We have at the head of this chapter set before us, first, mystical Gerizim and Ebal: the one signifying the law, and the other the gospel. Upon the one mountain the curses were pronounced, upon the other the blessings; and the people stood, some on the declivity of the one mountain, some on the acclivity of the other; so that when the blessings and the curses were pronounced they were made acquainted with both, and were therefore prepared to go forth and tell to others what they had heard and seen. These two mountains, therefore, are called mountains of brass, because of their stability; and so the law of God-Christ came not to overturn that law, but to establish it, and he came to establish the gospel. And the four chariots which came out from between these two mountains I take to be the apostles especially referred to as the prophets are called the chariots of Israel, and the horsemen thereof, and so the Lord was with them and therefore they could neither be stopped nor overturned. And they are called four because the mission of the apostles was to go forth east, west, north, and south, according to the Saviour's words, "They shall come from the east, and the west, the north, and the south, and shall sit down in the kingdom of God with Abraham, Isaac, and Jacob." I will not enter further, at present, into the meaning of these four chariots, nor into the meaning of the several things said concerning them, but will come at once to the language of our text. I think our text is an explanation of what they are: " The four spirits of the heavens;" the margin reads it, " the four winds of the heavens:" I shall avail myself of the marginal reading as well as of the textual reading to set before you those things this morning which I hope and trust will, as we go along, be profitable unto our souls. Now it is said of these four spirits that they "go forth from standing before the Lord." And so the apostles, they went forth with the gospel, not from man, but from standing before the Lord; their mission was from the Lord. They tarried in Jerusalem, and there they waited as before the Lord, and when the day of Pentecost arrived, they were favored with power by which they set out to commence that wonderful mission of preaching the gospel to every creature in all the world. And thus they are called four chariots because of the universality of their mission; and in our text called four spirits for the same reason; though of  course,  these four spirits of  the heavens  are in reality one.  I hold, then that the two mountains represent the law and the gospel, and that these chariots coming from between the two denote that everyone sent of God knows something of the law and something of the gospel such is my opinion.  And the apostle Paul sets this before us in his own mission; the law came to him, and showed him its stability, and then how the gospel was revealed to him in its stability; and thus he went forth claiming those things by which sinners should be converted to God, and transgressors should learn his ways. Now these spirits then are said to "go forth from standing before the Lord of all the earth" because Jesus Christ by what he hath done acquired universal power "All power in heaven and in earth is given unto me."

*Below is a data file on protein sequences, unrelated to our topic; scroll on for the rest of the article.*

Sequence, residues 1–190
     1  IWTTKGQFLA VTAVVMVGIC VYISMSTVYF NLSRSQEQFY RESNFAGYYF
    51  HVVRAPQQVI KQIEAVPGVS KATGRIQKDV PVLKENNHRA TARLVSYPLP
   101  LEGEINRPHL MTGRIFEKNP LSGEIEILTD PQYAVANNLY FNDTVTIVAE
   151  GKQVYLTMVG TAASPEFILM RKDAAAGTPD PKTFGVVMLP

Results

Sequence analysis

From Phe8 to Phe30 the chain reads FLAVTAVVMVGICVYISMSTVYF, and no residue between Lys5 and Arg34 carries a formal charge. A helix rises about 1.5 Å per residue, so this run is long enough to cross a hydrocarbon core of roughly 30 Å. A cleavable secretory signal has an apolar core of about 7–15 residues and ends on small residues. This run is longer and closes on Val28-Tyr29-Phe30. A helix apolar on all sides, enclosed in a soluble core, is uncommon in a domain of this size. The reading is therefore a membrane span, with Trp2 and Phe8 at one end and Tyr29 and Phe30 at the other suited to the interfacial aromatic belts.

I will therefore take, this morning, a threefold view of the language of our text-these four spirits. First, it sets forth the work of the Holy Spirit:  Secondly, it sets forth the four spirits of the Lord Jesus Christ in which he appeared, thirdly, that it sets forth the four spirits of the gospel.